Colt had its share of pocket pistols from single-shot models to revolvers. As they moved away from their open-top designs, frames became much more robust. The Colt New Line was strong enough to handle the .38 Colt cartridge. In 1877 Colt started offering their first double-action revolver, the M1877. A major Colt distributor, Benjamin Kittredge quickly gave the smaller-framed revolvers catchy names; the .38 caliber “Lightning,” the .41 caliber “Thunderer,” and the ultra-rare .32 caliber “Rainmaker.” The M1877 looked like a scaled-down version of Colt’s popular Peacemaker and short-barrel models easily fit into a coat pocket. Police officers favored it at a time when many felt they should be unarmed and subdue badmen on their authority alone.

Pocket Pistols came in all shapes and sizes. From left to right, the
Remington Double Deringer, Sharps Pepperbox, Smith & Wesson Model
1 ½ Single-Action Centerfire, Remington-Smoot New Model No 3,
Colt New Line Centerfire.

Go Big

Not everyone wanted to bet their life on a small cartridge. Gambler and gunfighter Luke Short had a little larger pocket pistol — he carried a bobbed .45 Colt Peacemaker in a specially tailored hip pocket.

Luke Short had been the dealer at a faro game at the Oriental in Tombstone. Despite repeated warnings, gunman Charlie Storms kept moving his bet after the play. Short warned Storms again. Both men went for their guns but Bat Masterson stepped between the two gunfighters and defused the situation. Masterson escorted Storms back to his room to sleep off his drunkenness. It didn’t work.

At the Oriental Saloon, Masterson convinced Short to brush off his encounter with Storms. Short agreed and started to step back into the saloon. Suddenly Storms appeared and grabbed Short from behind, pulling him off the boardwalk while drawing his revolver. Short responded with lightning speed. He pulled his snub nose Colt and shot Storms point-blank in the heart twice, setting his shirt on fire. Only slightly slower, Storms fired his revolver a few times to no effect and was likely dead as his body hit the street.

The Short/Storms shooting brings one question to mind. Would Luke Short have lived to see another day had he been carrying a small spur-trigger pocket pistol?

While American gun manufacturers were coming up with the next big thing, a company across the Big Pond started its own revolution — Webley introduced their British Bulldog. While it came in smaller calibers, it also came in .44 Webley. It was indeed a pocket powerhouse. The .44 caliber model held five shots and could be fired single or double action. Smaller caliber Bulldogs held an impressive seven rounds!

Such firepower had people clamoring for more. To answer such great demand, American gun makers Wadsworth and Forehand started making high-quality copies. Other companies followed. So many Bulldogs were shipped across the Mississippi writer George Layman called it the “forgotten gun that really won the west”!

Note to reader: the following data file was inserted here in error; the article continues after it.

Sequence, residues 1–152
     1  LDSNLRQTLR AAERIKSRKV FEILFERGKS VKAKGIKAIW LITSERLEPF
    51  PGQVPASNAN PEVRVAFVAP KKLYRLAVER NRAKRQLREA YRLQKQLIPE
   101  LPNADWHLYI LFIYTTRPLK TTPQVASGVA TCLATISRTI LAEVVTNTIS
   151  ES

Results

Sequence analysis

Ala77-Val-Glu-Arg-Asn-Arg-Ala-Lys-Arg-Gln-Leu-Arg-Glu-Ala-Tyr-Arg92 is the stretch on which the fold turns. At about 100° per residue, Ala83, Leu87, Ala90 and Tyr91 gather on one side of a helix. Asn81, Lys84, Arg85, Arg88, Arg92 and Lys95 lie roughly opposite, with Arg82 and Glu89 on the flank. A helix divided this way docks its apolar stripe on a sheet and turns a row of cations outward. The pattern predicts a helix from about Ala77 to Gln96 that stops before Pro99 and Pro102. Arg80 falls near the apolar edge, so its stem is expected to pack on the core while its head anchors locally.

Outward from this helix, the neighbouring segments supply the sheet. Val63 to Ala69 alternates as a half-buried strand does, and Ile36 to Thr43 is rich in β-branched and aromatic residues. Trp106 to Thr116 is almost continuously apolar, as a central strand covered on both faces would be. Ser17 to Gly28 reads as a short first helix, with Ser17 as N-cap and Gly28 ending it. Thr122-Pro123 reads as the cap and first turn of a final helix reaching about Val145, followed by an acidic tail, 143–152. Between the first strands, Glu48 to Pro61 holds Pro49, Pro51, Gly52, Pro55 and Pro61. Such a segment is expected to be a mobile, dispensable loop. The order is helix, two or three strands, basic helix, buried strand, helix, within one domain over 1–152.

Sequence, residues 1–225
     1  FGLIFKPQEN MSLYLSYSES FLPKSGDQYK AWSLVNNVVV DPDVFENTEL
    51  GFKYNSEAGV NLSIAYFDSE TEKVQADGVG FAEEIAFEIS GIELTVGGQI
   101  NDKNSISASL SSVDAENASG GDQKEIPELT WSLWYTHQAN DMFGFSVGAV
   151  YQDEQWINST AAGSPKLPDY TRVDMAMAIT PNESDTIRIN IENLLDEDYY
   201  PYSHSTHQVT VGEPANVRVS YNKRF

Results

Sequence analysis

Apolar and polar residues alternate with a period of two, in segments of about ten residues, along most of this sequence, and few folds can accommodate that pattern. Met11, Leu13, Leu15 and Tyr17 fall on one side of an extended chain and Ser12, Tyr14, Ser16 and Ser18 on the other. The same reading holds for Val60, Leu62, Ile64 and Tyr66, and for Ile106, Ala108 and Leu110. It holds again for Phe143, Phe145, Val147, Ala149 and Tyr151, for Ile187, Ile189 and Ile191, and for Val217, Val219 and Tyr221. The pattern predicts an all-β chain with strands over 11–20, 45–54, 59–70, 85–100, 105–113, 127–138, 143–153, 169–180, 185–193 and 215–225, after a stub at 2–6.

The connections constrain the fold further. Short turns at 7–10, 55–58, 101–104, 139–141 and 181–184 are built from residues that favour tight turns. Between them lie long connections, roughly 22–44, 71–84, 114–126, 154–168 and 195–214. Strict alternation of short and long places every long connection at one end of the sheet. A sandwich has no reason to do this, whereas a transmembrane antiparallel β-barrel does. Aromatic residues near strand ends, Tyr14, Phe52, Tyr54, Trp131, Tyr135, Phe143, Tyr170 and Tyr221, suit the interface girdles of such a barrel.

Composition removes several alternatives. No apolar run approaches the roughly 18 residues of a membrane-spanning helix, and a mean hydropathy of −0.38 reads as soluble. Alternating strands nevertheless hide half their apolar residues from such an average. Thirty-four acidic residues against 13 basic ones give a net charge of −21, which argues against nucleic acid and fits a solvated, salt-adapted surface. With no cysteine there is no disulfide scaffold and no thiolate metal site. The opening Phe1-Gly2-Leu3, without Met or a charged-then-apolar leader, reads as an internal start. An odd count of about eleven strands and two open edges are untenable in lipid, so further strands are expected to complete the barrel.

In 1887 Smith & Wesson came out with a design that would stay in production halfway through the 20th Century. The design was so different they called it the New Departure. The revolver came in .32 S&W and .38 S&W. Smith and Wesson also designed a .44 model but it didn’t get far from the drawing board.

The New Departure, also called the Safety Hammerless, was double-action-only. It didn’t have an exposed hammer to snag in pockets and had a palm safety, quickly earning it the moniker the “lemon squeezer.” Advertising called it an “automatic,” not because it auto-fed a new cartridge but because all the cases ejected out upon opening the latch. In many ways, it was the perfect pocket pistol.

The S&W Model 1 ½, 2nd Issue was popular in gambling halls and brothels
around the west. The original owner paid extra for the pearl grips.


Finding old pocket pistols is easy. Finding them in good shape is another matter. Most examples are heavily corroded from use with corrosive black powder and most likely never cleaned after the initial firing.

Generally, pocket pistols are inexpensive to collect but popular models like the Remington derringer, the Sharps four-barrel pepperbox pistol and the Colt M1877 all command a premium. Engraving and pearl or ivory grips also increase the value. But, like all firearms, condition and originality mean everything. A refurbished gun is always valued less than an original gun in the same condition.

Bear in mind many of these guns were a weak design when new. Adding a century of rust and abuse makes many dangerous to shoot. And, most pre-1920 pocket pistols were made for black powder, not smokeless, so approach any shooting session with caution.

Here’s another “problem” — collecting pocket pistols is fun and most of us can afford it! Collectors love to imagine the history of a gun. For many, the fun is speculating what banker, gambler, wealthy socialite or even brothel madam carried a particular piece. Except in rare cases, we will never know, but it is one of the pleasures of collecting pocket pistols.